Monoclonal antibodies (mAbs) targeting PD-1 and PD-L1, as well as mAbs targeting CTLA-4, have been approved by the Food and Drug Administration (FDA) for several malignancies, such as melanoma, non-small cell lung cancer, renal cell cancer, urothelial cancer, and lymphoma [19-21]. These are called immune checkpoint inhibitors (ICPIs). At this time, immune checkpoint inhibitors have been evaluated in endometrial cancers in the advanced disease and palliative treatment setting. 

Review

Currently, treatment options for patients with recurrent endometrial cancer remain limited. The backbone of first-line palliative treatment for advanced endometroid carcinoma is a platinum doublet, usually consisting of carboplatin and paclitaxel. Triplet therapy with paclitaxel, cisplatin, and doxorubicin (TAP) has produced a response rate of around 60% [22]. However, triplet therapy is associated with significant toxicity. Generally, a doublet of paclitaxel and carboplatin (TC) is preferred due to improved tolerability and toxicity. There was a phase III non-inferiority trial comparing TAP and TC showing no significant overall survival difference [23].

Second-line cytotoxic options overall are very limited. There have been no optimal treatment options for patients who show disease progression with first-line therapy. Therefore, novel and more efficacious therapies for patients with advanced or recurrent disease are needed. PD-1 is an immune checkpoint receptor that has acquired special interest as a therapeutic target for various cancers because of its significant role in tumor immune evasion as described above.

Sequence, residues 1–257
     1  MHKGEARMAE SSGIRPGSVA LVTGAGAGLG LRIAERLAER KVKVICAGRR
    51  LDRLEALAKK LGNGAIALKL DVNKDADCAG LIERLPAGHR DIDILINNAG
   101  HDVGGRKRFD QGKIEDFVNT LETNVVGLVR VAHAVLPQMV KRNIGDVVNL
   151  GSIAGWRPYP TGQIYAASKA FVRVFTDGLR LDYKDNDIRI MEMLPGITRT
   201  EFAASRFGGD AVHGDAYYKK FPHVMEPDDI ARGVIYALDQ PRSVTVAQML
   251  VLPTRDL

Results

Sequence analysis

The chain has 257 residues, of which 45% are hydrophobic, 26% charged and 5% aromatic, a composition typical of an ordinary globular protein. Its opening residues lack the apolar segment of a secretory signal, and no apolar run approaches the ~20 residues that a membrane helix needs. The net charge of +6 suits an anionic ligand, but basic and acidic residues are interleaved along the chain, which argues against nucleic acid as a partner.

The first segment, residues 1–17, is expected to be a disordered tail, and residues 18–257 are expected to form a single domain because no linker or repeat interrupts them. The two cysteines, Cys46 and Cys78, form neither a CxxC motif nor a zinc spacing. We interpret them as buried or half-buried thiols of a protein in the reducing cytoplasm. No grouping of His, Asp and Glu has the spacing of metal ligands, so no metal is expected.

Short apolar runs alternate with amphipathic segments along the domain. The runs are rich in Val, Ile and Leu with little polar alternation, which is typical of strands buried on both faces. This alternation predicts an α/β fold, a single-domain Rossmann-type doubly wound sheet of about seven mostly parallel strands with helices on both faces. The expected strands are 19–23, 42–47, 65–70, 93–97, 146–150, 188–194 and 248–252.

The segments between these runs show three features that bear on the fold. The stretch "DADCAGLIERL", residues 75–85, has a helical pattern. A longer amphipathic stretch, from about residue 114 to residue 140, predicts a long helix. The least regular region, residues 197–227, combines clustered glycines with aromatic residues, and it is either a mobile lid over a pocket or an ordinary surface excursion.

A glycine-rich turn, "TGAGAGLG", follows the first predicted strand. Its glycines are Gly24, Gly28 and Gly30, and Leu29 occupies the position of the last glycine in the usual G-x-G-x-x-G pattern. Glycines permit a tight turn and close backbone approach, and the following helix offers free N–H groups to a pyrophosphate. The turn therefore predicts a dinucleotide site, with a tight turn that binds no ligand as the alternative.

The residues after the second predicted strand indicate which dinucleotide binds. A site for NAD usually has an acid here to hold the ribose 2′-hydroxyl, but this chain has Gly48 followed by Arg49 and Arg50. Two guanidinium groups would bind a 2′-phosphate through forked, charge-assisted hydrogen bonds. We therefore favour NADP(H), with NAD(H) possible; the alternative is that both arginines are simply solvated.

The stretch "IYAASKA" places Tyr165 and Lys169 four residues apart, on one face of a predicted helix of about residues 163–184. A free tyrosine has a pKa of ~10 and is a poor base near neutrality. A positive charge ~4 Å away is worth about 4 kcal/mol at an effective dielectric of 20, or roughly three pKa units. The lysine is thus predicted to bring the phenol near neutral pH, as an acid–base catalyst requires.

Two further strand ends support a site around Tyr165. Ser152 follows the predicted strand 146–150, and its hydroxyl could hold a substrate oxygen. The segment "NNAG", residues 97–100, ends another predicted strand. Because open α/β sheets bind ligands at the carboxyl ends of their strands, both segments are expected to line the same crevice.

The interaction of the PD-L1 with PD-1 receptors can lead to the functional inactivation of T cells that allows the tumor cells to save themselves from T cell mediated tumor destruction. In this modern era of cancer treatment, monoclonal antibodies directed against PD-1 or PD-L1 can result in promising tumor responses, and many of these antibodies have been approved by the FDA for a wide spectrum of advanced/metastatic cancers. Vanderstraeten et al. did an immunohistochemical analysis demonstrating that 83% of primary endometrial tumors and 100% of metastatic endometrial tumors express PD-L1 [24]. Thus, the role of PD-1 and PD-L1 blockade in advanced endometrial cancers can be significant, and there have been some phase 1 and phase 2 studies done to evaluate the anti-tumor efficacy, safety, and survival analysis in this population.